While she makes an accurate point, the importance of the President jumping on board should not simply be dismissed – especially if it results in real change.
President Obama may not stop there. Last week, Charles J. Ogletree, Jr., a law professor at Harvard University and prominent death penalty opponent who taught the President and First Lady Michelle Obama when both were students there, told the Washington Post that the President is “close” to opposing the death penalty. But “he’s not there yet… he’s close, and needs some help.”
The Post notes, “Obama has increasingly confronted racial disparities in the criminal justice system and in American society in in his second term.” It continues, “Obama, who has said he supports executions in some circumstances but raised concerns about the application of capital punishment, has not yet focused in this new push on racial disparities in capital trials — the most serious cases before any criminal court. Now, just as he publicly changed his opinions on other major social issues in which public opinion changed, like gay marriage, some have wondered whether the president will change his perspective.”
It was not that long ago when the death penalty seemed untouchable. Presidential candidate Michael Dukakis was bludgeoned on both the issue and, perhaps more accurately, his clumsy and poorly articulated defense of his position on the issue. From there, it seemed the issue was untouchable.
In 1992, Governor Bill Clinton flew back to Arkansas during the primaries to oversee the execution of one condemned person.
But in recent years, support for the death penalty has declined. People are concerned with the prospect of innocents being put to death, about the racial disparities of the system, and the cost and length of time needed to execute people.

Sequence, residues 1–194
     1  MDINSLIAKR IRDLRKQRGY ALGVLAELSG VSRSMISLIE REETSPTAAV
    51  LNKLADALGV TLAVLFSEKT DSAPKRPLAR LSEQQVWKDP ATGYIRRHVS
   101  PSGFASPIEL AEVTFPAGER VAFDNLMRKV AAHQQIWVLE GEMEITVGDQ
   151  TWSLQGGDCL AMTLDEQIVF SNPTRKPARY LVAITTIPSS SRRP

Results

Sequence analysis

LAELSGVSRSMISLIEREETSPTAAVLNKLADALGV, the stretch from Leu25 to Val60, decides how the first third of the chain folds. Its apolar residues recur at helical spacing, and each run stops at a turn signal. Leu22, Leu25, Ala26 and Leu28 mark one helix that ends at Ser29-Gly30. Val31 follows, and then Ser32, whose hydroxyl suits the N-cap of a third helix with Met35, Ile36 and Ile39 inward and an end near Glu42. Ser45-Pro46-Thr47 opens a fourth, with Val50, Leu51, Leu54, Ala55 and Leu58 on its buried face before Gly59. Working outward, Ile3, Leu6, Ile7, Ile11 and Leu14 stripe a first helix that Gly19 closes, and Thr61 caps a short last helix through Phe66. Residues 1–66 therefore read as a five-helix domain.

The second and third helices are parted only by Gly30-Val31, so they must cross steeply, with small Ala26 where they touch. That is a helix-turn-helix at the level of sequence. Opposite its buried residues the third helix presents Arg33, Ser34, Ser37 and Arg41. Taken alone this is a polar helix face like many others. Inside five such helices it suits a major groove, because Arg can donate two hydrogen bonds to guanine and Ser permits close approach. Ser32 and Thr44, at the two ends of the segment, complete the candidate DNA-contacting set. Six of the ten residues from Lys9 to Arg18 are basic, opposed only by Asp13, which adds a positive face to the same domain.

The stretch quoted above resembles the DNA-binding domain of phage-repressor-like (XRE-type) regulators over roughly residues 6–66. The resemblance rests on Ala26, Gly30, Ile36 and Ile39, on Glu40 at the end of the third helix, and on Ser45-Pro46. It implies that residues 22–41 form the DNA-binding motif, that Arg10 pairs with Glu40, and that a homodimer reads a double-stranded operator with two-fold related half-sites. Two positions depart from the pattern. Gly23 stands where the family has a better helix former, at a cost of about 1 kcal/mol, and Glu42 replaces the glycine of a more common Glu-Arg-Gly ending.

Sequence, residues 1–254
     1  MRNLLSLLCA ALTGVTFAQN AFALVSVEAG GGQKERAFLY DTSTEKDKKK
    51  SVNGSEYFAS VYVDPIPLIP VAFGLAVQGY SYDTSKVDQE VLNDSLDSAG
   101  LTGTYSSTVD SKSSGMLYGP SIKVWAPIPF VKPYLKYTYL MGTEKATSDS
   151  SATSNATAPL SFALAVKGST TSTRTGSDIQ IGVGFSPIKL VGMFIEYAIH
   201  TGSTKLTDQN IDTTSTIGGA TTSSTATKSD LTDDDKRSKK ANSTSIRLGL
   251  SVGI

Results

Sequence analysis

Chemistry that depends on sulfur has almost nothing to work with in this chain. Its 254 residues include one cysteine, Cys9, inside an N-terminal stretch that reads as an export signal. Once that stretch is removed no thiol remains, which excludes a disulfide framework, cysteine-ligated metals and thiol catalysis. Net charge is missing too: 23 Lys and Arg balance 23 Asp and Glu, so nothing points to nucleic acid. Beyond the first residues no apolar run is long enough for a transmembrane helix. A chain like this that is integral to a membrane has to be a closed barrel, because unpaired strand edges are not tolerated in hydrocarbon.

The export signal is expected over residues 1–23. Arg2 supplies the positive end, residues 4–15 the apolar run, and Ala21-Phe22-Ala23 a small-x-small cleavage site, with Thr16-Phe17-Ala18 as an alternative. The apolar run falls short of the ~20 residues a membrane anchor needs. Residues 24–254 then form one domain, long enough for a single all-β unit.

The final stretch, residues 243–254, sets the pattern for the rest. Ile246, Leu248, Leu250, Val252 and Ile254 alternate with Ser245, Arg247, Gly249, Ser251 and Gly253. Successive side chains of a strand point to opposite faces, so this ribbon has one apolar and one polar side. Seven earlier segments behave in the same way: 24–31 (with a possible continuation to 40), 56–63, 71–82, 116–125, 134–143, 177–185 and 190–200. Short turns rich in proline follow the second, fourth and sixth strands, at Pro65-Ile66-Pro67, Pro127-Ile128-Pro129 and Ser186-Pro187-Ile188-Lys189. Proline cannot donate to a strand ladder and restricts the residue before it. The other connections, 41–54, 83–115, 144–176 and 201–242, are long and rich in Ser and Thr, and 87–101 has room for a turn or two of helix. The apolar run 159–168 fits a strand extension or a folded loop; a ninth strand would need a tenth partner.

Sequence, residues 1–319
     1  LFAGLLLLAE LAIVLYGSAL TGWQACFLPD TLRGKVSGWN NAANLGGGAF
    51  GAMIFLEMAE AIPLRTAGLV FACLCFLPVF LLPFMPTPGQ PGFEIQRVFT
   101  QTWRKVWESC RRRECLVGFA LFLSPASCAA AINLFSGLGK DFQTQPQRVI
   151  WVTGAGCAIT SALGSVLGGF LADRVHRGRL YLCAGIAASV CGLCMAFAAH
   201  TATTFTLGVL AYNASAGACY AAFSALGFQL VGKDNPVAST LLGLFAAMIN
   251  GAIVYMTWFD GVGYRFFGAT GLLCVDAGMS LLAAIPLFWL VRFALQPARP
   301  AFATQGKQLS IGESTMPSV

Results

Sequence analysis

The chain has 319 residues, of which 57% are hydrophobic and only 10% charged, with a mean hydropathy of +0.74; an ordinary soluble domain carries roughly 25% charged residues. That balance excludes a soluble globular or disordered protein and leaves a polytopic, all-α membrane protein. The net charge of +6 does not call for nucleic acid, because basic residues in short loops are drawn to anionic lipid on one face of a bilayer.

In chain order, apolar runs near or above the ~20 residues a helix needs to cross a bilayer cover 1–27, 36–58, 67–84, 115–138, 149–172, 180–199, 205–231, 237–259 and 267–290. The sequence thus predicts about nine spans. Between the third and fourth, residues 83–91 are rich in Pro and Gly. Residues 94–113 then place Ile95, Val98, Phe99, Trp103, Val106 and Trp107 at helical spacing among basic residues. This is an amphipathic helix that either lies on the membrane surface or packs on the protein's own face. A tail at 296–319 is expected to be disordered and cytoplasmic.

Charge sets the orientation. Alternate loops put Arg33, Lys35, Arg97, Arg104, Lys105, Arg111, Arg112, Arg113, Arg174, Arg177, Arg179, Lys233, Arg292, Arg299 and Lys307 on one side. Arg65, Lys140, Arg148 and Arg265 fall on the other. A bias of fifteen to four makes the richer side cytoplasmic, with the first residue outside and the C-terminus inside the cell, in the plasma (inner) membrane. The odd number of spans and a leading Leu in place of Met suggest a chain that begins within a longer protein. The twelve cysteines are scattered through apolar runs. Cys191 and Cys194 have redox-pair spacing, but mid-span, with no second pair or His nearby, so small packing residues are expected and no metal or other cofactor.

The Post writes, “Ogletree predicted that the president will eventually have no choice but to oppose the death penalty, confronted with the data on racial disparities in capital punishment, as well as on the costs of litigating capital cases and on the number of defendants who are eventually exonerated.”
“Even if he doesn’t change his mind in the next year and a half, I think the public’s point of view is going to influence him,” Professor Ogletree said. “As a citizen, he can have an enormous amount of influence.”
“In the application of the death penalty in this country, we have seen significant problems — racial bias, uneven application of the death penalty,” President Obama said last year, following a gruesomely botched execution in Oklahoma.
There is still politics to be played here. The Supreme Court saw four of its justices battle it out over whether the death penalty remains constitutional. Former Attorney General Eric Holder reviewed the issue, but the Justice Department has yet to make a recommendation.
Moreover, some advocates believe that it would be better for the White House not to enter the fray. Right now states have moving away from the death penalty and the insertion of the President might polarize the debate.
Polling shows that support for capital punishment has fallen most drastically among Democrats and independents. Republicans still register strong support for capital punishment.
—David M. Greenwald reporting